Lab Report

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The Lab Report is a weekly compendium of media reports on science and technology achievements at Lawrence Livermore National Laboratory. Though the Laboratory reviews items for overall accuracy, the reporting organizations are responsible for the content in the links below.

Jul. 24, 2015

Lawrence Livermore researchers are designing more cores that simulate the power of the human brain.

The brains behind the computer

People used to compute. But in the mid-20th century, machines began to take on the bulk of computing work, and the definition of “computer” changed.

In 70 or so years, a computer went from being a room-sized monstrosity to a four-ounce touchscreen.. Now, leading computer scientists and technologists say the definition of “computer” is changing again.

“It’s like the move from simple adding machines to automated computing,” said James Brase, the deputy associate director for data science at Lawrence Livermore National Laboratory. “Because we’re making an architectural change, not just a technology change. The new kinds of capabilities - it won’t be a linear scale - this will be a major leap.”

The architectural change he’s talking about has to do with efforts to build a computer that can act - and, crucially, learn - the way a human brain does.

Wind turbines are becoming a more common sight all over the world.

The answer is blowing in the wind

About 2.3 percent of America’s power is generated by wind. But wind power is becoming wildly popular all over the world. What would happen if a company put up so many wind turbines that they actually changed the climate on Earth?

Wind turbines are being built all over the world. According to the Global Wind Energy Council, in 2014 all the wind-power harnessing devices in the world could generate 369,597 megawatts.

All of this is dwarfed by global power consumption, which is about 18 terawatts, or, 18 million megawatts. In other words, humans use about 50 times the total wind power capacity of all the wind turbines in the entire world.

Lawrence Livermore Lab researcher Kate Marvel and her team used climate models to look at just how much wind energy we could take out of the atmosphere before we’d start to have problems. The good news: It’s a lot of wind. About 1,800 terawatts. Global power consumption is 18 terawatts so the chances of taking 100 times the amount of energy neded using just wind turbines is very, very slim.

Corrugated tractor trailers decrease fuel economy by as much as 10 percent.

Corrugated tractor trailers are a drag

According to testing by Lawrence Livermore National Laboratory, containers with corrugated sides have a significantly higher aerodynamic drag that makes for a rather large fuel economy deficit. Livermore researchers have reported about a 10 percent fuel economy loss when comparing these types of containers to smooth-sided 53-foot dry trucks.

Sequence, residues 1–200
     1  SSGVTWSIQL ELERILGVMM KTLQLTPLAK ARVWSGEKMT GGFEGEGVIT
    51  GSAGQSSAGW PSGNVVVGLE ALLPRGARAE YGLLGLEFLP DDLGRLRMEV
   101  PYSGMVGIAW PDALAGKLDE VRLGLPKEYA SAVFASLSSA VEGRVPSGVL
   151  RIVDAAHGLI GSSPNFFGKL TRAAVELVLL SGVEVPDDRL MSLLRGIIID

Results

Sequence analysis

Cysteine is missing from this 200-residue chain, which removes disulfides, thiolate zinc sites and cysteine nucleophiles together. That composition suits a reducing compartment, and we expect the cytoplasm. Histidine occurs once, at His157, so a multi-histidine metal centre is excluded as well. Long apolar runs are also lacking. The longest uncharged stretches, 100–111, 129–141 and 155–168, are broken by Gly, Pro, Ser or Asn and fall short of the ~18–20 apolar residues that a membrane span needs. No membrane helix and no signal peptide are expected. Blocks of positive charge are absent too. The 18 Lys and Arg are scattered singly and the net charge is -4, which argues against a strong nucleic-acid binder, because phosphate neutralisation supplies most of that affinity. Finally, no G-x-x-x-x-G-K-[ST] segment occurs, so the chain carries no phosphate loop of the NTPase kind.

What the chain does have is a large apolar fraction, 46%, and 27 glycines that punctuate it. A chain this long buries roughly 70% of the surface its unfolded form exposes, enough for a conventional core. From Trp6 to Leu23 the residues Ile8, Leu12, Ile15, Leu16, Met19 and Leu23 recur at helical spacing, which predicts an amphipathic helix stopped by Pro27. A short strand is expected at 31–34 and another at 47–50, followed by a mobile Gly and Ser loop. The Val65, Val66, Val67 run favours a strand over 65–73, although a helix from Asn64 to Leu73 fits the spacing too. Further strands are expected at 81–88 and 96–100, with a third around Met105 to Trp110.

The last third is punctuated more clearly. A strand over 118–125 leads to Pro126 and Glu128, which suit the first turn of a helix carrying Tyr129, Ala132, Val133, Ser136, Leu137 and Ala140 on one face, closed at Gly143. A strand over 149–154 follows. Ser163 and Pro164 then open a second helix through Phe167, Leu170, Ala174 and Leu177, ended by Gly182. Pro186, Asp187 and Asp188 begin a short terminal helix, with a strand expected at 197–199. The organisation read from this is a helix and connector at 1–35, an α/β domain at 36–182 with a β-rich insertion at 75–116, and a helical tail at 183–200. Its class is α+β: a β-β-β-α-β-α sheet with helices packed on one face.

Intermodal cargo-carrying trucks can have a very large tractor to container chassis gap. Over-the-road fleets have been working hard to minimize this gap and keep the air flowing alongside their tractors and trailers. With large gaps, the truck engine is basically pulling the entire cross section of the tractor trailer through the air twice, meaning at least a  5 percent deficit in fuel efficiency.

Low rolling resistance tires are not robust enough for the type of hauling tractor trailers do, resulting in a 5 percent penalty for the more robust tires.

Former LLNL physical chemist George Farquar, who led a Lab team that invented DNATrax, demonstrates how the product can be applied to food to identify it down the food chain. Photo by Julie Russell/LLNL.

Foiling food fraud

Food fraud is on the rise. It means that food and beverage producers need to be more vigilant when it comes to protecting the authenticity of their products for the safety of their customers as well as their own economic viability.

Food fraud is defined by the Food and Drug Administration (FDA) as the “intentional substitution or addition of a substance in a product for the purpose of increasing the apparent value of the product or reducing the cost of its production, i.e., for economic gain.” Bottom line: What’s on the packaging label is not what’s in the product.

But DNATrax can be the answer to ensuring food safety. DNATrek’s DNATrax is a sugar-based invisible barcode that uses technology invented at Lawrence Livermore National Laboratory. It is an FDA-approved coating that is sprayed directly on to fresh produce and other food products, or can be mixed with liquids or dry goods.

BMW is testing a hydrogen powered car using fuel cells and Lawrence Livermore’s cryo-compressed technology.

Heading down the hydrogen highway

A German company recently opened the first public filling station at which the two pumps dispense hydrogen using two different types of refueling technology: industry-standard 700-bar hydrogen storage technology and cryo-compressed hydrogen storage technology.

Lawrence Livermore has a long history in cryo-compressed hydrogen storage systems. In fact, BMW is using some of the Livermore technology in a fuel-cell demonstration car.

The term “cryo-compressed” was coined by Salvador Aceves and colleagues at Lawrence Livermore National Laboratory and refers to their concept of storing hydrogen at cryogenic temperatures but within a pressure-capable vessel, in contrast to liquid (or cryogenic) vessels that store hydrogen at low pressures.